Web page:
S&P in its report stated that CPEC energy projects such as coal, solar, hydroelectric, liquefied natural gas, and power transmission will be supportive toward economic activity over the long run, this effect is unlikely to sufficiently offset the loss in momentum in the economy during this period of acute fiscal and external stress.
Growth will also be constrained by domestic security challenges and long-lasting hostility with neighboring India and Afghanistan. These conditions, along with inadequate infrastructure, mainly in transportation and energy, are additional bottlenecks to foreign direct investments. The former PML government improved the security situation, and it is expected the PTI government to continue this positive momentum. Although progress has been made toward addressing these shortcomings, we believe there is much more to be done before we can see considerable uplift to the business climate.
Flexibility and performance profile: Deterioration in key metrics to continue through 2019 Infrastructure investments and energy vulnerabilities have contributed to a significant weakening in external metrics. Pressure on external accounts will rise further in 2019. The S&P forecast net general government debt to rise toward 70.2% of GDP by the end of fiscal 2022, with slower GDP growth and still-elevated deficits. Likewise, Pakistan’s interest-servicing burden will remain elevated, at an average of 32.4% of revenues.
Over the near term, deferred payments on oil imports from the UAE and Saudi Arabia, with an estimated total value of US$6.4 billion, will help to smooth pressing external financing needs. But more will need to be done to stem this vulnerability over the medium term, especially on export promotion and energy security.
Pakistan’s current account deficit widened again to 6.1% of GDP in the fiscal year ended June 2018, from 4.1% the year before and just 1.7% in 2016. The widening of the deficit was due to a strong rise in imports, without a correspondingly high growth in exports, with higher energy prices and the associated deterioration in Pakistan’s terms of trade exacerbating the shortfall in the current account deficit. Remittances were roughly flat for the second year in a row in 2018, exhibiting limited upside despite a stabilization in the Gulf countries.
Although the S&P expect the current account deficit to decline somewhat over the next two years with energy prices falling and the economy slowing, Pakistan’s external financing and indebtedness metrics remain stressed. Pakistan’s high degree of external stress is marked by a significant rise in the economy’s gross external financing needs relative to its current account receipts and useable reserves; The S&P forecast this ratio will climb to 151.1% at the end of fiscal 2019, versus approximately 131% in the previous year. Meanwhile, S&P project the country’s narrow net external debt will rise to more than 170% of current account receipts, from just below 140% in the prior year. Though external aid will help to meet immediate payment needs, indebtedness will continue to rise in kind.
Pakistan’s fiscal profile has deteriorated beyond our previous expectations, and the S&P have yet to observe policy initiatives sufficient to meaningfully reverse this trend. Change in net general government debt rose to 9.4% in fiscal 2018 versus 5.6% in the previous year, largely owing to the government’s higher fiscal deficit and the depreciation of the Pakistani rupee.
Although the new government has elucidated its aim to consolidate its fiscal accounts, S&P believe progress will be diminished by political constraints, especially in view of more difficult economic circumstances. Meanwhile, negotiations with the IMF to secure a funding and aid package have been protracted. The S&P anticipates that any resulting reforms, whether under a program or otherwise, will be less expedient in addressing the country’s economic imbalances. We forecast the average annual change in net general government debt at 5.9% of GDP through 2022, which is elevated versus S&P’s previous expectations.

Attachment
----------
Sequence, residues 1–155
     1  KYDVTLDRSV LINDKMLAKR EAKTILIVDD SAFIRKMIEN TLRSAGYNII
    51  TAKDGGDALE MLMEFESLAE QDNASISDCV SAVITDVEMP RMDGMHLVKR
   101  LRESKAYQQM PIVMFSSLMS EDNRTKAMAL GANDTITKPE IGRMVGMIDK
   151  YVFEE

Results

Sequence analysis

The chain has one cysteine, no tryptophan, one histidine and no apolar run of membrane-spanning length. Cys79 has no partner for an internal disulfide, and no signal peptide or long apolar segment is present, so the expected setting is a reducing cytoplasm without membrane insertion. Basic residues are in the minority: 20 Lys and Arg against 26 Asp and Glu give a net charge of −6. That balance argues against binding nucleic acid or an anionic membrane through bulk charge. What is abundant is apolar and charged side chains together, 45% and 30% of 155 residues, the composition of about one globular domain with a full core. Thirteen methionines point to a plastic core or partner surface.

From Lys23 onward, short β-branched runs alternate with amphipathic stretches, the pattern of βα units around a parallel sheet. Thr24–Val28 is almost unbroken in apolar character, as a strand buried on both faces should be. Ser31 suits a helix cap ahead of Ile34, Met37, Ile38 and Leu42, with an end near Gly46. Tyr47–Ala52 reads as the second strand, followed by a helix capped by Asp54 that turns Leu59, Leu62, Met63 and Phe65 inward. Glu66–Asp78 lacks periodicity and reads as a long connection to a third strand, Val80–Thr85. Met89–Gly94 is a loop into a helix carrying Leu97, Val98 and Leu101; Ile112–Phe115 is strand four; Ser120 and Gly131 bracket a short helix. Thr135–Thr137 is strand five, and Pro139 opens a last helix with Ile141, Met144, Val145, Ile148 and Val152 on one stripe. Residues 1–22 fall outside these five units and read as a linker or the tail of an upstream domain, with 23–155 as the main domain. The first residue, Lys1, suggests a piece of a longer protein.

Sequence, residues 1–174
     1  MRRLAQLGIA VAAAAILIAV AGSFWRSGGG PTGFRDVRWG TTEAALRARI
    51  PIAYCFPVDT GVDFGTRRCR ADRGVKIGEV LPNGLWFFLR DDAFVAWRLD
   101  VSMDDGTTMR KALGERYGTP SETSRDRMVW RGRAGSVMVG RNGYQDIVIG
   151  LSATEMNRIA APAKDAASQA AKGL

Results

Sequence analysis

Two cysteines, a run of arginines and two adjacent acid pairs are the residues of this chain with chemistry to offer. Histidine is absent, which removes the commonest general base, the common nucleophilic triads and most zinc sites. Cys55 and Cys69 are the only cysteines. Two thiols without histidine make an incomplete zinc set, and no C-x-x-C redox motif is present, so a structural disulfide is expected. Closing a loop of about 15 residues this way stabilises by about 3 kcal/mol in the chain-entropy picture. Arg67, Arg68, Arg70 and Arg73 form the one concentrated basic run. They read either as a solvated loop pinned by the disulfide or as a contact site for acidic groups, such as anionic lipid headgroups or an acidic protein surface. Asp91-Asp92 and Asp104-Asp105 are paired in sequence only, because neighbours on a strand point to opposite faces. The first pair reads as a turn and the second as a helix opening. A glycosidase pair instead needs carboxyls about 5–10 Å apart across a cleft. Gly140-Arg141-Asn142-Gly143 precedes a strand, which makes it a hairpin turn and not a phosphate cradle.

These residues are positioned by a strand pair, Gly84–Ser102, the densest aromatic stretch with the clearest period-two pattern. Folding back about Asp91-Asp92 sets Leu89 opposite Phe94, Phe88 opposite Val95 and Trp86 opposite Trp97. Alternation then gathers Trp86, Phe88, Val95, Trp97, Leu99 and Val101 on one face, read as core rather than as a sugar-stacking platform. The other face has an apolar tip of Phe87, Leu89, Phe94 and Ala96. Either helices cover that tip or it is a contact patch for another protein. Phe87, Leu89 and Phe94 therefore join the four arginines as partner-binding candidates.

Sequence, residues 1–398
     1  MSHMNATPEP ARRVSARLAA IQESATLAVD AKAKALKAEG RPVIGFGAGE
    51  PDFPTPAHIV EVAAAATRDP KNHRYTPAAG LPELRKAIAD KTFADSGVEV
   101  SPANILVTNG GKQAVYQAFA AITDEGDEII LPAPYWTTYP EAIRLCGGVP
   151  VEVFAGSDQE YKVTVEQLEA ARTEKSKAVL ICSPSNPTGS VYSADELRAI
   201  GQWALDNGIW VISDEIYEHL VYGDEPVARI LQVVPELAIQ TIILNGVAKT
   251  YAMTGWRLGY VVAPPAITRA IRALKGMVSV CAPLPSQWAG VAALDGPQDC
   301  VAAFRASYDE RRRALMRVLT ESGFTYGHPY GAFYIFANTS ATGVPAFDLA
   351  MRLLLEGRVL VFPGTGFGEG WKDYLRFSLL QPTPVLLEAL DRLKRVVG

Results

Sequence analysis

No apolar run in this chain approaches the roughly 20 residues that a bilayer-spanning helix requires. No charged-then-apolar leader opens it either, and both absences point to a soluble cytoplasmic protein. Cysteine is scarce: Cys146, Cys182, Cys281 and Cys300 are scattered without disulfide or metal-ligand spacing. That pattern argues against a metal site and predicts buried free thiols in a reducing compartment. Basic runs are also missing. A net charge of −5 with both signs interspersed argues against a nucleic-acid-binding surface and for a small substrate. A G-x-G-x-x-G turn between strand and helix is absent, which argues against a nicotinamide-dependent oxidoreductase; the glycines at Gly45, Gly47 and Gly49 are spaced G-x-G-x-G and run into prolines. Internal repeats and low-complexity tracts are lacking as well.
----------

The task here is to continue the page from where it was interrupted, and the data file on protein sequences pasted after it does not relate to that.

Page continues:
Coupled with our lower expectations for real GDP growth, the forecast fiscal deficits will entail a gradual rise in net general government indebtedness toward just above 70% of GDP by the end of 2022.
Pakistan’s unusually high level of interest expense relative to fiscal revenue is an additional constraint on our assessment of the government’s debt burden.Interest expense consumes nearly a third of government revenue, partly a function of its narrow tax base.
Pakistan’s ratio of tax revenue to GDP remains one of the lowest among sovereigns that S&P rate. Pakistan’s banking system is relatively small by international standards, with total bank assets comprising approximately 59% of GDP. The S&P is its report stated that the rating agency do not have a Banking Industry Country Risk Assessment on Pakistan.
However, its banking system appears stable, reflecting its high profitability, adequate liquidity, and strong capitalization. Combining our view of Pakistan’s government-related entities and its financial system, S&P assess the country’s contingent fiscal risks as limited. That said, at more than 20% of total system assets, Pakistan’s banking system bears an outsized exposure to the sovereign.
S&P believes the State Bank of Pakistan’s (SBP) autonomy and performance has strengthened since the setup of a monetary policy committee for rate setting in January 2016. The SBP’s interest rate corridor helps the monetary transmission mechanism by providing directions for short-term market interest rates. This framework, combined with the cyclical boost from lower food and energy prices, should keep inflation in check–averaging about 5.5% over S&P’s forecast horizon. Reduced budget financing by the SBP would also assist in cutting inflationary pressure.